Using DNA to look for fish species
Researchers from Biomon have used DNA techniques to find 40 different species of fish in the river Dommel. This technique is capable of detecting more species than conventional methods of measuring.
Biomon, a consortium of the Institute of Environmental Sciences (CML), Naturalis, KWR and Baseclear, have measured the numbers of different fish species in the Dommel river using so-called environmental DNA, By filtering this eDNA from of the water, the researchers were able to demonstrate the presence of several species of fish. At each measuring location used in the study, eDNA methods detected twice as many species on average as conventional methods of measuring did.
The eDNA is derived from individual cells left behind by shedding animals, as well as excrements and cells from the slime coat of fish, amongst other things. Because every species has unique DNA, it is relatively easy for the researchers to demonstrate the presence of a species. As well as the 40 species of fish that were found, the study was also able to demonstrate the presence of several salamanders, mice and even beavers.
According to Krijn Trimbos, researcher at CML, monitoring using eDNA offers a lot of possibilities. Trimbos: "This technique is much less invasive than electrofishing, which is the current standard method of measurement. Instead of killing and then identifying the animals by hand, all we have to do is take a water sample. By subsequently filtering that water and analyzing the DNA in the lab, we are able to quickly build a clear picture of the species which are present by comparing the samples to reference DNA."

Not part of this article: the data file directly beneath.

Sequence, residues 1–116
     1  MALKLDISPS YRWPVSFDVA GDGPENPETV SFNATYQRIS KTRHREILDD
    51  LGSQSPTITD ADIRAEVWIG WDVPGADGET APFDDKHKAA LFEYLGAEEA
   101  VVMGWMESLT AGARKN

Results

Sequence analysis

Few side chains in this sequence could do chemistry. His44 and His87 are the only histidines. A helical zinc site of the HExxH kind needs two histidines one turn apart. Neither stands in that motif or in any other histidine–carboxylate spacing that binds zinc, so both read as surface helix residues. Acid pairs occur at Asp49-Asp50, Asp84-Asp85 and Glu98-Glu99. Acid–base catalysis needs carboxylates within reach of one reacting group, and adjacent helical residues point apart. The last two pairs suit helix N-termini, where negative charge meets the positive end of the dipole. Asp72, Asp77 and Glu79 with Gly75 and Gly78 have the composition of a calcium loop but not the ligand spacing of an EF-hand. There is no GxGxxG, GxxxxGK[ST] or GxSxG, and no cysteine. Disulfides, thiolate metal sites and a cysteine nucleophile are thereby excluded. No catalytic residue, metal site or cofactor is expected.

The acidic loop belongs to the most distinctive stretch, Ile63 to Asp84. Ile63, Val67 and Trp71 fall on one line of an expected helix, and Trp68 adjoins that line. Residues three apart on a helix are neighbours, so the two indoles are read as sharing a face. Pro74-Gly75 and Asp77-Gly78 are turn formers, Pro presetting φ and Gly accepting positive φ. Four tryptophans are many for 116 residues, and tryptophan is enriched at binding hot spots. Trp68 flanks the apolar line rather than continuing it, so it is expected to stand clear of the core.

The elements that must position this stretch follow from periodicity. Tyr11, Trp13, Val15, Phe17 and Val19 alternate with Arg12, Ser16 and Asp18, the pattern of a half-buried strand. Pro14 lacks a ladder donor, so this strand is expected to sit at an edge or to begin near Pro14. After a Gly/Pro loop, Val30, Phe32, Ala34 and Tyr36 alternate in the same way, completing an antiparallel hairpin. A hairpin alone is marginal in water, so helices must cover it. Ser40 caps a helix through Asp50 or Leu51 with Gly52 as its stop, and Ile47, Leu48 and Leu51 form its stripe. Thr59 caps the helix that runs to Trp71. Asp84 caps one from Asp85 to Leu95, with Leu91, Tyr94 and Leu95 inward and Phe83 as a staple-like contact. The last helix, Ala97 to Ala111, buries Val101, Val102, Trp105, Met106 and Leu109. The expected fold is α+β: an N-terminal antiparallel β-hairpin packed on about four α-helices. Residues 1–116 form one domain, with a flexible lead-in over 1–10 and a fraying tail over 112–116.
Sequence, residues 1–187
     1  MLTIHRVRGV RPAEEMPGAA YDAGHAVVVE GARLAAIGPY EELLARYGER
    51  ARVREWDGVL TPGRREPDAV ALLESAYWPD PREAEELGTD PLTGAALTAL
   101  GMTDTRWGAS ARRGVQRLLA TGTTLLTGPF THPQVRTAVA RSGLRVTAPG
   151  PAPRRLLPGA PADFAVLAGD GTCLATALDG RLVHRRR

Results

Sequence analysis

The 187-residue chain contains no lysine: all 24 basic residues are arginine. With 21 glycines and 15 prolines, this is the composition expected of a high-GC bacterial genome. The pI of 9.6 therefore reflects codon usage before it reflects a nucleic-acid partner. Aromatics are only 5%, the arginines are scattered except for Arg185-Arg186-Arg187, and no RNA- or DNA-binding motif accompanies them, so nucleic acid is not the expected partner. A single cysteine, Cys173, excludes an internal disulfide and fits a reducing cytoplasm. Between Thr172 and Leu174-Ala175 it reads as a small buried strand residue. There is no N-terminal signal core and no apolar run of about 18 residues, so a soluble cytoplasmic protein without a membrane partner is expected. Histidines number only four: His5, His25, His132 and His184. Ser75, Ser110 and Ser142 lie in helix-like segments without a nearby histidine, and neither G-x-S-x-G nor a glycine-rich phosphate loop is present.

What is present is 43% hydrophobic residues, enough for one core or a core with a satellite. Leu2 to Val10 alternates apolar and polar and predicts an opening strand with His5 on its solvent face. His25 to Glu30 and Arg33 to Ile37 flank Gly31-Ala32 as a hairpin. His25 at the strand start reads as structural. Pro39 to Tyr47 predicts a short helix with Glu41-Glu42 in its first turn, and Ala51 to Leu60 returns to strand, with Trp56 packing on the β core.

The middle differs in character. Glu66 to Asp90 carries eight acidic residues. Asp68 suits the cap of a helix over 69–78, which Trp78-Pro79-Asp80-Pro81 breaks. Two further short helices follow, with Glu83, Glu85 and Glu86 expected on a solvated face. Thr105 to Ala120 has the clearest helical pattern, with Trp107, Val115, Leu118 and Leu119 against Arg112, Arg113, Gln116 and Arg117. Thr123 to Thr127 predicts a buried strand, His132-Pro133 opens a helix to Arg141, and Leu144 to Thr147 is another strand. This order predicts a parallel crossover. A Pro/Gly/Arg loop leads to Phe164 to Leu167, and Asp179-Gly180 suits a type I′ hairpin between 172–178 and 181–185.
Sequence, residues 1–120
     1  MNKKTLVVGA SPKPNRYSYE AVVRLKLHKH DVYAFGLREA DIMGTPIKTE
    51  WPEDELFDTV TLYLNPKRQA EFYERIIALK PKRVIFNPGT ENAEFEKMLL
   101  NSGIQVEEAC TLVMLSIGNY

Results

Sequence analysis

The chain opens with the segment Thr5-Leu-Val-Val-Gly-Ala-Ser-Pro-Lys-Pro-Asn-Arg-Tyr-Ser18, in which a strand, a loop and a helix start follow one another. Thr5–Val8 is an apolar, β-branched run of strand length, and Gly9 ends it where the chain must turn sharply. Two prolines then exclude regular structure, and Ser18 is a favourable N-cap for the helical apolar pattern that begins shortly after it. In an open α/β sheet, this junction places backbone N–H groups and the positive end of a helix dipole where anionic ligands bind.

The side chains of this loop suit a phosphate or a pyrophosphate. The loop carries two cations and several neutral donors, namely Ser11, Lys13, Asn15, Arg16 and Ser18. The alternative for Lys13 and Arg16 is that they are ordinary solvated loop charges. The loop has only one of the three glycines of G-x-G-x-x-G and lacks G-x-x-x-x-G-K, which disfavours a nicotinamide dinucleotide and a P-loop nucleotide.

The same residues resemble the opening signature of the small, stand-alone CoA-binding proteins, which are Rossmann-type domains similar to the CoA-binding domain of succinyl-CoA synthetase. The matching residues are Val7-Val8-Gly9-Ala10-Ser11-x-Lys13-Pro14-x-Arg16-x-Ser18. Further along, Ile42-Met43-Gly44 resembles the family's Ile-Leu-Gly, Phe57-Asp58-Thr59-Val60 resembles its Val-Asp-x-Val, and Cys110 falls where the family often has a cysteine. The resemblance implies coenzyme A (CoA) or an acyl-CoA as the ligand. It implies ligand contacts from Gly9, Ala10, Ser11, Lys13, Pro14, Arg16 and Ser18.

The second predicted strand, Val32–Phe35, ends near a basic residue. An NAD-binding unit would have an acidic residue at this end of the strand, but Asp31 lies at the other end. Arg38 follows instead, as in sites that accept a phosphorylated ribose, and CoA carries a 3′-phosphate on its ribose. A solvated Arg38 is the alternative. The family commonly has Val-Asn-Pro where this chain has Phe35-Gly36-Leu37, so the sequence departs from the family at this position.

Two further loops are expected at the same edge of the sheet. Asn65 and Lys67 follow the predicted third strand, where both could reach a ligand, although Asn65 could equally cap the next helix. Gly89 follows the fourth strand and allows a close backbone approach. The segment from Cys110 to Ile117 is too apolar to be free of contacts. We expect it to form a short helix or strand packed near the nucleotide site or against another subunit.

eDNA has been in use for some time already as a way to measure different kinds of micro-organisms in water. In recent years it has also been used to monitor animals. Trimbos hopes that the technique will be used more in the coming years: "Testing for eDNA is a lot less labor-intensive and more cost effective than electrofishing. This gives us the resources to conduct research at several different locations and times, to build a clearer picture of the fish stocks."
Provided by Leiden University